Adding to what has been said above, we tend to tread cautiously with patients diagnosed with AF. Sometimes the treatments offered can have their own substantial side effects, and these need to be factored into any treatment plan. However, we tend to want to work in close contact with a patient's orthodox healthcare professionals to ensure that the condition can be brought under better control without risk to the patient.
Q: After neuro tests I have nerve damage to my left knee. This is causing difficulty in walking and knee pain ,there is also muscle wastage.
A: A great deal depends on what caused the nerve damage. If this is as a result of an accident or illness which caused the initial problem then there may be rather more difficulty in restoring full function. However, the sort of muscle wastage you are experiencing is something which happens even to top flight athletes. It is not unusual for a footballer with a knee injury to be out of action for several weeks because the quads lose their tone really quickly and can take longer than the knee itself to become match fit.
The theories of Chinese medicine are all based on theories about energy, called 'qi', which is the basic constituent of all living structures. When this energy, which flows in well-established patterns and rhythms, is disrupted pain and weakness follow. The art and skill of the practitioner lies in determining the extent to which the poor flow is a local problem or a local problem which has persisted or failed to improve because of a greater underlying weakness or problem in the overall system. This marks the difference between traditional acupuncture and the more medically based versions used by conventional physicians. Sometimes if the problem is local, then it matters not what system to choose, and both will work. However, our experience is that very often there are good reasons from the Chinese medicine perspective why something is not improving as it should, and using systemic treatment alongside the local treatments can make a great deal of difference.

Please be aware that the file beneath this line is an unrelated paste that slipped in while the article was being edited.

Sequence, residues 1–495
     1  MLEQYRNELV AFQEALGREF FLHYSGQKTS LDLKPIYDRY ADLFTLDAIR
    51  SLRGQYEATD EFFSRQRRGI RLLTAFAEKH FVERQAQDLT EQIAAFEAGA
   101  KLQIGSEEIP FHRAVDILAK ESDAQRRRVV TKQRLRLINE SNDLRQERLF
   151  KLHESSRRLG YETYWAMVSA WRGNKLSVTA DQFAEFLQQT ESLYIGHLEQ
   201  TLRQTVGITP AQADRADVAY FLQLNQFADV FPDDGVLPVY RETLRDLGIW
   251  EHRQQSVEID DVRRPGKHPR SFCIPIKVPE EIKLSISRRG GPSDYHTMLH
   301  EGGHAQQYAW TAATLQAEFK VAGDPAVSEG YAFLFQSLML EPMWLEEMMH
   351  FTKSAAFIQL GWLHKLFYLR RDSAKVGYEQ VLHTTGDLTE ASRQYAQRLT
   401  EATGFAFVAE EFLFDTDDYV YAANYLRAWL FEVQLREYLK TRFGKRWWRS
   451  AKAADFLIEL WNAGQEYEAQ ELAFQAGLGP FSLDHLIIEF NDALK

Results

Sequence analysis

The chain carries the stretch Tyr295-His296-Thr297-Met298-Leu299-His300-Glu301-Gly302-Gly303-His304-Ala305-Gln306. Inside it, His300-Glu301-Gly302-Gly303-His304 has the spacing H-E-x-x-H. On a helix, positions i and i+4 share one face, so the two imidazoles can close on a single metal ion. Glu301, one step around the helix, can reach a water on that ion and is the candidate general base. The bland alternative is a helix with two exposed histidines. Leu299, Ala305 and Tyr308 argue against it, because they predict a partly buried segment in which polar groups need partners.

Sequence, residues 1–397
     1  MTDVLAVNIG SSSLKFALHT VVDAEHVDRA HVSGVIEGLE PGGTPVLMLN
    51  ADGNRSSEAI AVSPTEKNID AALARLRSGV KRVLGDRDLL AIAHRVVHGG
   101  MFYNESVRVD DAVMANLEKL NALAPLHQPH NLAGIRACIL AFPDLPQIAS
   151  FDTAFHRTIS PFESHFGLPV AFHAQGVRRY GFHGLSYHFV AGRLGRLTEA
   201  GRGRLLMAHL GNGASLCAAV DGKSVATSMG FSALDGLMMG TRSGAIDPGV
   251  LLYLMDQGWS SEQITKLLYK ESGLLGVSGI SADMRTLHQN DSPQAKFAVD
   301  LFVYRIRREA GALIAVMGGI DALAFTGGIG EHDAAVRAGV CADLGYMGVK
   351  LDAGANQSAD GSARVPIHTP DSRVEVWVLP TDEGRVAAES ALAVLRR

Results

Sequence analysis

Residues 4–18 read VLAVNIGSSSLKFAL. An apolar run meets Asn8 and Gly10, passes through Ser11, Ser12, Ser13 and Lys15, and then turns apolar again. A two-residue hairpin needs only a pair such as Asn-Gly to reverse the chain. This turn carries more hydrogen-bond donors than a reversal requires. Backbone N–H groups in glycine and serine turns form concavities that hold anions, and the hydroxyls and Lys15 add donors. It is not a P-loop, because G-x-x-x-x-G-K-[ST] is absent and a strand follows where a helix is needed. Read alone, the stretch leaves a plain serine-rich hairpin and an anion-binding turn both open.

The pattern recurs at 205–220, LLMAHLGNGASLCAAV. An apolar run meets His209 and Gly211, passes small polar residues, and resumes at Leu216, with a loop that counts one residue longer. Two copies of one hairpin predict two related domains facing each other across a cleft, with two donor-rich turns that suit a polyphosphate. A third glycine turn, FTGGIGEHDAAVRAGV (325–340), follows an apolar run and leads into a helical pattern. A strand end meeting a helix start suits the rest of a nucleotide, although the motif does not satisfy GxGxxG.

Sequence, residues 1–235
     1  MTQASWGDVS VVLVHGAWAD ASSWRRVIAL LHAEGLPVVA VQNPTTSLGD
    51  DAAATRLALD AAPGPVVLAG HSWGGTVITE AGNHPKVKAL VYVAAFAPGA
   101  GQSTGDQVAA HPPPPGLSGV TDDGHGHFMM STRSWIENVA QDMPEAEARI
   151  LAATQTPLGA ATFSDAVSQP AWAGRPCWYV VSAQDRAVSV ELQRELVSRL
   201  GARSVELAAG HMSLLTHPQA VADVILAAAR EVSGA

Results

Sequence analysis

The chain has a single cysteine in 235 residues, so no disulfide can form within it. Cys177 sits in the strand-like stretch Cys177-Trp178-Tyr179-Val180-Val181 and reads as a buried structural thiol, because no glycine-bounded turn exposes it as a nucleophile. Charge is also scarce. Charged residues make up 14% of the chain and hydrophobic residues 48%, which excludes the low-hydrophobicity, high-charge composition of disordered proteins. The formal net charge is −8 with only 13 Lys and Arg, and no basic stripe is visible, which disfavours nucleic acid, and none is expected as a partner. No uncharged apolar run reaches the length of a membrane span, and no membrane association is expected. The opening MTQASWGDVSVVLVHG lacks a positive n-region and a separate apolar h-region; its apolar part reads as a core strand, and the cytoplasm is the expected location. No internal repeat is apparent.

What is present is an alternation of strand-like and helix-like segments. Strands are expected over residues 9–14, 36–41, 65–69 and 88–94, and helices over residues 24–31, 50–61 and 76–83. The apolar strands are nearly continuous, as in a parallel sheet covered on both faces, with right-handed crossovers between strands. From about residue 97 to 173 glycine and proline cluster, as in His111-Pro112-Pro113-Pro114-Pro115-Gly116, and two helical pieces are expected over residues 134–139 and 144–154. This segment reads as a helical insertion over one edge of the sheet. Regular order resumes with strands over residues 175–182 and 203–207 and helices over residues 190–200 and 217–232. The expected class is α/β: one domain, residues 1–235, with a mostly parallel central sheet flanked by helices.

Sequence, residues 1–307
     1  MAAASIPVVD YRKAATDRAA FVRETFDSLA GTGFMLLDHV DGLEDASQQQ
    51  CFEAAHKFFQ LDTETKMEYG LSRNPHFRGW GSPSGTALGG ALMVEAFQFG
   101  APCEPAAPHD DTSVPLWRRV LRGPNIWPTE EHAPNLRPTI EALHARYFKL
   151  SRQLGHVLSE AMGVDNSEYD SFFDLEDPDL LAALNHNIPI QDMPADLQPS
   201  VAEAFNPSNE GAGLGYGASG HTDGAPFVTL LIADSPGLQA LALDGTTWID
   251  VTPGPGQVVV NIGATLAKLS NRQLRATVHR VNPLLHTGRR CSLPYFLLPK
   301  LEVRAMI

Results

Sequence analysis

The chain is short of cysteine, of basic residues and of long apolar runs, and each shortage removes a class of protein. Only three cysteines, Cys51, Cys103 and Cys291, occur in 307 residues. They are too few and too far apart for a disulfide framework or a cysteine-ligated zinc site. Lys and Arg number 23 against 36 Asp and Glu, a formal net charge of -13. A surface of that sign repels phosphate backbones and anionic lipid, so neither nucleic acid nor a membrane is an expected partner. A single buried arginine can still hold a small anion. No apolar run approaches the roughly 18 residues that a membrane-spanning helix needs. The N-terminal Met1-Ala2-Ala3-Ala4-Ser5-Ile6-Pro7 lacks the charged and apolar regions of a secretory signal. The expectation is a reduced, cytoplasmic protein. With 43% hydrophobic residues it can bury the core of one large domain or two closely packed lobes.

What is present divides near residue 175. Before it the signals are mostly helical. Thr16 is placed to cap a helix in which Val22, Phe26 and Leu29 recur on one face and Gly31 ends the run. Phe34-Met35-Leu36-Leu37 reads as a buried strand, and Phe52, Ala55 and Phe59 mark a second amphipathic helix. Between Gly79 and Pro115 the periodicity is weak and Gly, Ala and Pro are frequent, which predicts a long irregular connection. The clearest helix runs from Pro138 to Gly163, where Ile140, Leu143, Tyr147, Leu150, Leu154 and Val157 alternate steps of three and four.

There is also the issue of how long after the initial problem the treatment is given. There is an interesting parallel with the treatment of muscle flaccidity or paralysis after stroke. In China this is treated almost immediately to ensure that proper flow is restored as soon as possible. The longer the disruption has been in place the more the body starts to accept this as 'normal' and the more entrenched the weakness becomes. This does not mean that improvement is impossible, just that iot may take a little longer.
We are assuming that you have been offered physiotherapy or exercise routines to help with your recovery. We would always advise someone to arrange to visit a BAcC member local to them for an informal assessment of what may be possible. It should be fairly straightforward to find at least one near to you who specialises in treating sports injuries, and they will be without doubt a valuable resource in putting together a package which will help you back to better mobility without pain.